1. Snaps and zippers that don’t work
Rule No. 1 when shopping for secondhand clothing: Test everything — twice. Zippers may look fine but be impossible to keep on track. Snaps may not snap securely. Save yourself a little cash and a lot of hassle by examining everything carefully.
2. Stains and fading
Unless you’re going for an early-1990s distressed look, be careful to avoid stained and faded clothing.
Stains occur in all the usual places — armpits and collars of shirts, tips of ties, fronts of jackets and anywhere on pants. And though it’s possible to remove stains with common household products, I usually avoid the gamble.
Fading can be more difficult to notice. Two types of fading to watch out for:
- Shirts, blouses and jackets that have been hung and exposed to sunlight too long often develop subtle discoloration across the shoulders.
- One piece of a multi-piece outfit sometimes fades more than the other pieces. For example, many men wear the trousers of a suit more frequently than the blazer. Over time, the trousers fade from wear and cleaning and no longer match the rest of the ensemble.
Pilling: It’s the scourge of clothing lovers everywhere. Who hasn’t been forced to retire a much-loved sweater once those little fuzzballs start to appear? Who hasn’t battled them with razors and lint brushes and those little battery-operated defuzzing devices? Avoid pilled clothing the way you’d avoid clothing that’s ripped or stained. It’s a hopeless situation. You may be able to beat back pills temporarily, but those loathsome lint balls will reappear after the next wash.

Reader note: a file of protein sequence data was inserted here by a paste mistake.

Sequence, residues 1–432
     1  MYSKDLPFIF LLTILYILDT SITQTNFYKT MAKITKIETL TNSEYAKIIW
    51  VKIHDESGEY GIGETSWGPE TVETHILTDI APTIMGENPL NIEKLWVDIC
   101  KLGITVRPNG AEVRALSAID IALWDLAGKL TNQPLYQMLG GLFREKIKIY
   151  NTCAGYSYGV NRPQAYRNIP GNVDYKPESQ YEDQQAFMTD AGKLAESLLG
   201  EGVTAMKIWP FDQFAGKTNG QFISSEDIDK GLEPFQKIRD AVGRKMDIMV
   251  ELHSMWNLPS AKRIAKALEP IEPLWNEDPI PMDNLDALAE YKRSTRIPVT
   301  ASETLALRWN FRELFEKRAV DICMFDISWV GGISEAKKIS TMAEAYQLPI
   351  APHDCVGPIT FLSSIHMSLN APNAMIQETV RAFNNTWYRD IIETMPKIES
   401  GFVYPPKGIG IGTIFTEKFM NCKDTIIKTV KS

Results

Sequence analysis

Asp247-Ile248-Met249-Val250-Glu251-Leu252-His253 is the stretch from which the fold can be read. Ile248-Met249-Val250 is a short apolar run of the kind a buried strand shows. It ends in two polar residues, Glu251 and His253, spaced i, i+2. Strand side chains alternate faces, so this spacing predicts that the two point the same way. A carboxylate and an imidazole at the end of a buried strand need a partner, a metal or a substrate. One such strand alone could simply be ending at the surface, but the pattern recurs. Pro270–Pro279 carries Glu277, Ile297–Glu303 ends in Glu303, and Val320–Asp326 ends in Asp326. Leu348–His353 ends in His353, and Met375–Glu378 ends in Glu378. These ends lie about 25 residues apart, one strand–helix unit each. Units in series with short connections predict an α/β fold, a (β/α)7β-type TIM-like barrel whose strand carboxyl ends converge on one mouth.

Since nearly every piece of clothing I buy needs to be tailored, much of what I donate has been modified in some way. And while there might be a lucky 5-foot-7-inch guy out there who appreciates my sense of style, I realize most shoppers simply won’t fit into my wardrobe castoffs.
For the same reason, you should avoid secondhand clothing that has been altered.
Buyer beware: Some alterations are difficult to notice. Whenever possible, try on items to make sure pant legs haven’t been tapered, sleeves shortened or side seams taken in.
5. Hanger bumps
Hanger bumps or “shoulder horns” develop when knit shirts and sweaters have been on a hanger for too long. Over time, fabric fibers near the shoulder seam stretch, creating little bumps.
While many websites offer tips on how to get rid of these wardrobe-wreckers, I’ve never found a truly effective method. Save yourself a lot of time and trouble by avoiding any piece of clothing with hanger bumps. And for Pete’s sake, fold — don’t hang — knit clothing.
6. Offensive odors
Sorry, but when we talk about secondhand shopping, we’ve got to talk about odors. For those new to the game, remember this: Your nose is one of your most important tools. Before buying anything, give it a quick sniff test.
It’s not just gross smells from tobacco, mildew or pets you’re trying to avoid. Heavy perfumes can be just as obnoxious and almost impossible to get out of fabric.
If the previous owner of that lovely cardigan was a liberal user of White Diamonds perfume, you’re going to smell like White Diamonds every time you wear it. Love it or leave it.